By Derek Iannelli-Smith
Is Jesus really just concerned with our receiving him into our hearts? Have evangelicals over-emphasized individual “decisions for Christ” and under-emphasized the redemptive elements of the Gospel in regards to social and cultural transformation? Is our gospel a “Me-first” Gospel?
A couple of disclaimers:
1. I have learned that there are some “hills to die on“, and then there are non-essentials that distract from gospel-centered living.
2. Shooting each other, ministries, people, blogs, etc, are not ministry; they are soap boxes and unbiblical ways of handling sensitive topics, and it takes work to walk out. Galatians 6:1-5 should be a guiding text, and it is essential that we know how to deal with those who differ from us.
Is Jesus really concerned with our receiving Him into our hearts?
Romans 10:3-15 is clear in that there is clearly a heart element to salvation, but the way we describe “heart” today and the way the Bible describes “heart” are two very different things. It all rides on biblical vocabulary. Further, a solid soteriology based upon monergism is essential in placing the effectual call to salvation in its most God-glorifying context.
I think the reason for this question in evangelical circles is because of the frustration and lack of patience of many shepherds (that is, anyone who is caring for another believer) and the tension and cost of discipleship. Investing in relationships, participating in God’s plan of those he is drawing to himself, is not on our timetable. We are a “microwave” society, and we desire immediate and empirical evidence of truth. I am not convinced that the intention to see the fruits is a bad thing, but the methods we use at times are.
Have evangelicals (this needs to be defined, for the sake of this article see this balanced view) over-emphasized individual “decisions for Christ” and under-emphasized the redemptive elements of the Gospel in regards to social and cultural transformation? First, the topic of decisional regeneration has been around since Charles Finney. We get that. I think that evangelicals spend too much time “whacking-that-mole” versus doing something about it in their own ministries. It is much easier to spend resources, time, and blogs on this non-essential, versus the Great Commission (authority, going, making, baptizing, teaching). What I think we forget is that Jesus loved him too, and Finney did not wake up one day and say, “You, know, I think I will water down the gospel for the sake of growing a church.” Most evangelicals are not thinking this, either, and we must discern the goal here: seeing God glorified with a compassion for those far from God (hopefully, being sober-minded about depravity, of course) versus growing a church.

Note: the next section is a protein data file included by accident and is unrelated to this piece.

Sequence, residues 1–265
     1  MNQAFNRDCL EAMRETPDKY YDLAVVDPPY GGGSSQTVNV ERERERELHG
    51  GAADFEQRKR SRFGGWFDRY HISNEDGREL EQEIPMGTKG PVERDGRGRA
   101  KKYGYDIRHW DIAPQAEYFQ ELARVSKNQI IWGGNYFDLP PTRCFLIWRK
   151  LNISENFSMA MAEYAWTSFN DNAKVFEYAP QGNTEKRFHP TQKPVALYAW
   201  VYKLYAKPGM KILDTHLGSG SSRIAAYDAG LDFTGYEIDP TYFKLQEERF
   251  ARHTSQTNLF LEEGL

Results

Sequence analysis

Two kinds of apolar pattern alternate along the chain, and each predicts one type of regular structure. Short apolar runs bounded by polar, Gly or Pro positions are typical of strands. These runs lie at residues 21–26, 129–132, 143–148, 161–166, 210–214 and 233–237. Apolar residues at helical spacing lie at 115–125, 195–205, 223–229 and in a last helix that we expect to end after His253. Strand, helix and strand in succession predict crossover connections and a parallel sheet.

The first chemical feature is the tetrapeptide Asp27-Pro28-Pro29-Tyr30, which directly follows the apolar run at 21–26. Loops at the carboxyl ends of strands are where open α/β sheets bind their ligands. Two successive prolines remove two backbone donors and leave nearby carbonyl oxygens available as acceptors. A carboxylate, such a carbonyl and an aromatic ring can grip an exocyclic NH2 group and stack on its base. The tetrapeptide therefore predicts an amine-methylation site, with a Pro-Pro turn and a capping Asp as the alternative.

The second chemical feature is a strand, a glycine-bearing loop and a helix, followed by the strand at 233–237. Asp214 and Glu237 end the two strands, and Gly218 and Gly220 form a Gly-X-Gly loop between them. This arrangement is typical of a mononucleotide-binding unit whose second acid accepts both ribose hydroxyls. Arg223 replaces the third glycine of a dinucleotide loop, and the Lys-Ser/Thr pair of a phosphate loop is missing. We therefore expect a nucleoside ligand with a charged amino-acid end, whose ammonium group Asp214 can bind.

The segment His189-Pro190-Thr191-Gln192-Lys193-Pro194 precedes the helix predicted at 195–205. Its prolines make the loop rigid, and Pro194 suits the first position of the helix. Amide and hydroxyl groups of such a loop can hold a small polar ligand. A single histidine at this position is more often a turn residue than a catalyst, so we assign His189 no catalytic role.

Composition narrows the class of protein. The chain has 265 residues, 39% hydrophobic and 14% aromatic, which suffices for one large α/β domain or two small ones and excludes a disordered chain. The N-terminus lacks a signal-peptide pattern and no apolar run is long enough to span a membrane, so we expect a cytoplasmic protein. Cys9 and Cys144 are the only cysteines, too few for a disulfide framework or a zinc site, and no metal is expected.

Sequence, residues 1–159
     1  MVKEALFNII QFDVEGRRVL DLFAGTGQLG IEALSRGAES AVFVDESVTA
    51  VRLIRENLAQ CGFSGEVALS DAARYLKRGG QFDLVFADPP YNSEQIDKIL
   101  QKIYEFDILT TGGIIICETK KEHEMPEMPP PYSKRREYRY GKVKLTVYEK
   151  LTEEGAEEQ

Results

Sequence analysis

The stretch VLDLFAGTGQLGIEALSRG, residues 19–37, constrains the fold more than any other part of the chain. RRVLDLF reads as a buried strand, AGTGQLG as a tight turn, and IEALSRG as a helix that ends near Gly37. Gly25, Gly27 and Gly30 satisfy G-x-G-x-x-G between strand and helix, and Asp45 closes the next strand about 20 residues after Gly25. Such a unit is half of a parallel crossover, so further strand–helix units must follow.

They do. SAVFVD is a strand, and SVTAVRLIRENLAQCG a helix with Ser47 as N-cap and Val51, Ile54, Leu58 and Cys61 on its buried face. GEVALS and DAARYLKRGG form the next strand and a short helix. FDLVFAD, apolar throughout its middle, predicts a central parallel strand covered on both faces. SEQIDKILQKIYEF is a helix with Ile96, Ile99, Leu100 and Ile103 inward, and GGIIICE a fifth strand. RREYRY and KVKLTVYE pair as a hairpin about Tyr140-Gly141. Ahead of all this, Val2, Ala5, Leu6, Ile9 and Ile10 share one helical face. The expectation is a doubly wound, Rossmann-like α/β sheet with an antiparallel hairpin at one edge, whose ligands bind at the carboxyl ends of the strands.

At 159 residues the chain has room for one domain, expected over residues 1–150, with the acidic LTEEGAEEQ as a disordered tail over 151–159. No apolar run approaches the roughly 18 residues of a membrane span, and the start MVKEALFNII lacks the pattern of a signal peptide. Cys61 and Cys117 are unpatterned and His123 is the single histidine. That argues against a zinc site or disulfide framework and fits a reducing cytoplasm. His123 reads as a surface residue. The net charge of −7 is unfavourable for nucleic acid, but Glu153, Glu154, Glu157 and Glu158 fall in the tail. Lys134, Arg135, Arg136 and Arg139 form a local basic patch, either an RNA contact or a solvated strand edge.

Second, the current missional movement of the church is trying to change this, not with a new teaching but by going back to the basics of discipleship and what it means to be a Christ-follower where God has placed you. The error, I see, in the pendulum swinging the other way (focusing on social and cultural transformation) is that it, too, can be an error on the side of moralism, which is not the gospel either.
What I am advocating is a sobriety of our culture. God is not unaware or surprised by the culture, and we should not be, either. Further, because we have a divine perspective, there is an element of stewardship that is all of our responsibility to walk by faith, repent, and walk in obedience.
Finally, it is not the responsibility of the “evangelicals” to bring about a change; it is an individual investing in another individual. I have heard it said that it is one beggar showing another beggar where to find bread. What that looks like is what we try to emphasize at my church Oasis. We seek to build gospel-centered communities to reach people for Christ Jesus and invest in messy relationships.
Until we individually understand God’s holiness in light of our sinfulness, the Cross, and the Resurrection, we will continue to see the planks in each other’s eyes, ministries, books, blogs, social justice, moralism, soap-boxes, etc. We need to continue working on Philippians 2 and Colossians 1 being a reality in our lives.
When we have understood that (I confess that I only catch brief glimpses of this), there will always be places to work and change. Thankfully, I am sure of this, “that He who began a good work in you will bring it to completion at the day of Jesus Christ” (Philippians 1:6).
There is no “Me-first” gospel; it is a Jesus-first gospel.